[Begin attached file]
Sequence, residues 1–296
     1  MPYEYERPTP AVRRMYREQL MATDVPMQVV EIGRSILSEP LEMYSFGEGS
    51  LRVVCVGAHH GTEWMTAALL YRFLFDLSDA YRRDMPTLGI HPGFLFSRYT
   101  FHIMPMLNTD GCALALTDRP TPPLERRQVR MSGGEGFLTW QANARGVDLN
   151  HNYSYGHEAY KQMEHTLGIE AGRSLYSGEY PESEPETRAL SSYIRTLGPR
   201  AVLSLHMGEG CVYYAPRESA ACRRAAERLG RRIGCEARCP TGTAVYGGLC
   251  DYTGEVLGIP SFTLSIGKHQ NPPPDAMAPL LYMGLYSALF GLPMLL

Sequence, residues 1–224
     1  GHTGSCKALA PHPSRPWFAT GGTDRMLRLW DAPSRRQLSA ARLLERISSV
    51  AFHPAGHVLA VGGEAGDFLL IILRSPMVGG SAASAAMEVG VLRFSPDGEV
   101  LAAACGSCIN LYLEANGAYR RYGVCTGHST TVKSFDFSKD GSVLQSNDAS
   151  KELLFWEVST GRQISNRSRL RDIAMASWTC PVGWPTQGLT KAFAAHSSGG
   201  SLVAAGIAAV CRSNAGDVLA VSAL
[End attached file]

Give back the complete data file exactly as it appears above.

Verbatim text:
Sequence, residues 1–296
     1  MPYEYERPTP AVRRMYREQL MATDVPMQVV EIGRSILSEP LEMYSFGEGS
    51  LRVVCVGAHH GTEWMTAALL YRFLFDLSDA YRRDMPTLGI HPGFLFSRYT
   101  FHIMPMLNTD GCALALTDRP TPPLERRQVR MSGGEGFLTW QANARGVDLN
   151  HNYSYGHEAY KQMEHTLGIE AGRSLYSGEY PESEPETRAL SSYIRTLGPR
   201  AVLSLHMGEG CVYYAPRESA ACRRAAERLG RRIGCEARCP TGTAVYGGLC
   251  DYTGEVLGIP SFTLSIGKHQ NPPPDAMAPL LYMGLYSALF GLPMLL

Sequence, residues 1–224
     1  GHTGSCKALA PHPSRPWFAT GGTDRMLRLW DAPSRRQLSA ARLLERISSV
    51  AFHPAGHVLA VGGEAGDFLL IILRSPMVGG SAASAAMEVG VLRFSPDGEV
   101  LAAACGSCIN LYLEANGAYR RYGVCTGHST TVKSFDFSKD GSVLQSNDAS
   151  KELLFWEVST GRQISNRSRL RDIAMASWTC PVGWPTQGLT KAFAAHSSGG
   201  SLVAAGIAAV CRSNAGDVLA VSAL